By KRYSTLE CHOW
Breaking news story, published on the Ottawa Business Journal website.
Nov. 13, 2006
Click here to view this article on OttawaBusinessJournal.com.
Ottawa mayor Larry O’Brien.
Photo by DARREN BROWN for the Ottawa Business Journal
The new mayor of Ottawa is Larry O’Brien.
Mr. O’Brien, the former CEO and founder of Calian Technologies, was declared the winner of the mayoral race at 8:25 p.m. Monday night, with nearly half of all votes.
At the end of the night, the mayor-elect got a total of 141,262 votes.
The new mayor beat out Alex Munter and incumbent Bob Chiarelli despite coming into the race six months later than both his opponents.
The race was a fairly close one although much less of a nail-biter than expected, with Mr. Munter getting just a little more than 36 per cent of the vote with 108,752 votes, and Mr. Chiarelli trailing behind at approximately 15 per cent or 46,697 votes. The level of voter turnout was almost unheard of, at more than 60 per cent.
Going into the polls, Mr. O’Brien and Mr. Munter were neck-and-neck at 45 per cent and 41 per cent respectively.
“We’re pretty excited,” said Gord Hunter, Mr O’Brien’s campaign manager. “We ran an incredible campaign and an incredible candidate, but we never expected anything like this. Larry will make a great mayor of Ottawa.”
The new mayor walked into his campaign headquarters at Broadway’s Bar & Grill on Prince of Wales Drive and raised his arms above his head with a resounding “Yes!”
He was joined shortly after by Mr. Chiarelli, who pledged his full support to the winner of the mayoral campaign and said his opponent had run a “smart campaign.”
“I’m declaring Larry the champ,” said the incumbent to cheers from Mr. O’Brien’s supporters. “We all know he’s been a tremendous community leader and business leader and… will become the greatest mayor Ottawa has ever had.”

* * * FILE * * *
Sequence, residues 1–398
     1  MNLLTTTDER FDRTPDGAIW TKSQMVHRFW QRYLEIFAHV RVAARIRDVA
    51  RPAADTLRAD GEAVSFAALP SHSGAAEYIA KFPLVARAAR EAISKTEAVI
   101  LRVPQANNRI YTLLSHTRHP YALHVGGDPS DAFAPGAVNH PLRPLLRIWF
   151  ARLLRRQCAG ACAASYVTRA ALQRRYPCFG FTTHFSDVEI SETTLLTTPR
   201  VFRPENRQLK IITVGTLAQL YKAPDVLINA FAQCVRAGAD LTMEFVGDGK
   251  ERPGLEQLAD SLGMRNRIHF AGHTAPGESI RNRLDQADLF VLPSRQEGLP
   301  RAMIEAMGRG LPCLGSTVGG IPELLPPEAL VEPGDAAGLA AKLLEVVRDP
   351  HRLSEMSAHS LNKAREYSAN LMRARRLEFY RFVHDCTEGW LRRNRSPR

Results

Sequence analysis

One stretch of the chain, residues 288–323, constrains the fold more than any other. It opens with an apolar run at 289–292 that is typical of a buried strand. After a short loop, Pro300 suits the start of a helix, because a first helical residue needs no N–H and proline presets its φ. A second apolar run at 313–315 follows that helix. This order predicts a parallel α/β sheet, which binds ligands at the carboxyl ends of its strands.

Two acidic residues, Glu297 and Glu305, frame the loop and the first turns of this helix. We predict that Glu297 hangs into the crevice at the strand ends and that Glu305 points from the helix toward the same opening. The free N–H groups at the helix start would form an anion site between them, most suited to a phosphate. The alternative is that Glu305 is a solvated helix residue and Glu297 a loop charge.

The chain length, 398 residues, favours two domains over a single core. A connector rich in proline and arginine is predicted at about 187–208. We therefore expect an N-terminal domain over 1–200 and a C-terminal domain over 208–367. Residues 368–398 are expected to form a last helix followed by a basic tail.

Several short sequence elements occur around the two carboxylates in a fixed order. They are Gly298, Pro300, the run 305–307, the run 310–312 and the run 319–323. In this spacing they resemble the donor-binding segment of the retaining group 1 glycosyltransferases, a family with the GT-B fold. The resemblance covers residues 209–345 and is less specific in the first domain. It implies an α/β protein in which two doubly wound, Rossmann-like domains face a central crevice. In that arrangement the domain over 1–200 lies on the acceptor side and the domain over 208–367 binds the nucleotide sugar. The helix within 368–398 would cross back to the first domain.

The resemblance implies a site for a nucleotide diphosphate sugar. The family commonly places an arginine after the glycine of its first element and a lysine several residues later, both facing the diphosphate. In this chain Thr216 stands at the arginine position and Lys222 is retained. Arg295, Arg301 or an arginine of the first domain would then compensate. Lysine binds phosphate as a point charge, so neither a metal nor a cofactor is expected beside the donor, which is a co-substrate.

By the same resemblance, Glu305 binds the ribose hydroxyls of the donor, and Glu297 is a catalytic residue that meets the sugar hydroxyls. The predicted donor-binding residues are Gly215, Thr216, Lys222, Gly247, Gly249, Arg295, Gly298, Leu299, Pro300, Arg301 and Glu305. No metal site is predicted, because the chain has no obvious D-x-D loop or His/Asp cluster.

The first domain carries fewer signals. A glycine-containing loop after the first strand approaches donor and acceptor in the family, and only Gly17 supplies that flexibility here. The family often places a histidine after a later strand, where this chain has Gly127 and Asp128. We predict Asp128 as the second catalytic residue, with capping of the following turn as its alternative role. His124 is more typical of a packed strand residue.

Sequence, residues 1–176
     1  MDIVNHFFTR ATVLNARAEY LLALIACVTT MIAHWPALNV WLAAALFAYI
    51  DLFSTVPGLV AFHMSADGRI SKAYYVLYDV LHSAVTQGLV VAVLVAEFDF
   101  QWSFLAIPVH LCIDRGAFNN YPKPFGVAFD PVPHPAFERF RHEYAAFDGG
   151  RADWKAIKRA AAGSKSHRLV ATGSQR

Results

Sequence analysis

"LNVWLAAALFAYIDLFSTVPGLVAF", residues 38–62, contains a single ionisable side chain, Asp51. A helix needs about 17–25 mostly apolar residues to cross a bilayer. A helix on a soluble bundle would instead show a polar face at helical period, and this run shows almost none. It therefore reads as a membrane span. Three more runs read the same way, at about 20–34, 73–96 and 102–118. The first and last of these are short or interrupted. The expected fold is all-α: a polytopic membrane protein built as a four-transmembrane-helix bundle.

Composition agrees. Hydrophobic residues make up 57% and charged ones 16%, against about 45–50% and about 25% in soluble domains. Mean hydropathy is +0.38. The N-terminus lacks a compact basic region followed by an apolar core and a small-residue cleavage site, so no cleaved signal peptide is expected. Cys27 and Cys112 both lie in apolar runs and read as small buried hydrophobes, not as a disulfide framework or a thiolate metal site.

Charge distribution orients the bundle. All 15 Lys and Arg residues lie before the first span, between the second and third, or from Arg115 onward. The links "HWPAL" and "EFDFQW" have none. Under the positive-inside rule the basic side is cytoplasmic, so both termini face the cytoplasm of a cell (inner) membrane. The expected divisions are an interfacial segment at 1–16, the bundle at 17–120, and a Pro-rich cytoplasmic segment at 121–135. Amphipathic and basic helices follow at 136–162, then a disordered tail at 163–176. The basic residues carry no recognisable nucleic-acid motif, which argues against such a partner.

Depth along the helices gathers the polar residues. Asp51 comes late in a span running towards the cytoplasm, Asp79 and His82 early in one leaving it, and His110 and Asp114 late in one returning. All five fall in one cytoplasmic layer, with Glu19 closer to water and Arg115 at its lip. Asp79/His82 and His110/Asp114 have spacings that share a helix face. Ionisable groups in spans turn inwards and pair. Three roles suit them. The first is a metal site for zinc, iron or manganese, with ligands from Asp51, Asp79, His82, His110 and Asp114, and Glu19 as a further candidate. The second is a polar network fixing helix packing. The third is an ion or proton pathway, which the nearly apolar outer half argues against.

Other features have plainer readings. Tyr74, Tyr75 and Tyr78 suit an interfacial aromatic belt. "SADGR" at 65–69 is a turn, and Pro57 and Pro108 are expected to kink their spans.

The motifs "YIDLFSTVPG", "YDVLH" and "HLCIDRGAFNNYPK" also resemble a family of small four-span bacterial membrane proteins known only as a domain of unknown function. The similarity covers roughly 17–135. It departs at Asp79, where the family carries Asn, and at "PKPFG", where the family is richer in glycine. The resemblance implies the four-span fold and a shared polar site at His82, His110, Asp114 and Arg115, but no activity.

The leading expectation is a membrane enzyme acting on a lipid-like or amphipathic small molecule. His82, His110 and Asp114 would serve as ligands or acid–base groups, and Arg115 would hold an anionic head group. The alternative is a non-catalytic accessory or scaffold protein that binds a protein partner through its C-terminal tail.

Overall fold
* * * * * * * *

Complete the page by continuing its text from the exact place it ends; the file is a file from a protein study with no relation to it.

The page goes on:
Mr. Chiarelli added that being mayor was a “complicated job,” and said it was important for a full consensus in council to “make (Ottawa) a G-8 world capital.”
“I want to make a plea to the public, council and the media… to come together and build consensus behind this mayor,” Mr. Chiarelli said. “(Mr. O’Brien) ran a very great campaign and (he) had a very short time to do it. I’ll do whatever he wants me to do, for transition and to help the city.”
In his acceptance speech, the mayor-elect thanked the people of Ottawa for voting for change.
“The city is not a business but (the people) want to see it run like a business,” Mr. O’Brien said.
Mr. Munter opened his congratulatory speech with a joke about how it was probably a good thing he hadn’t been elected mayor as his supporters were causing a noise violation.
“We had a lot of tiger in the tank, but unfortunately Larry O’Brien had more,” he said. “As he enters at this crucial time, it’s important he succeed, and I’m here to help him succeed.”
As Mr. O’Brien heads to City Hall, he is facing an upcoming city budget, as well as the hotly debated light rail transit issue.
The other mayoral candidates – Piotr Anweiler, Robert Larter, Barkley Pollock and Jane Scharf – took a total of 3,328 votes.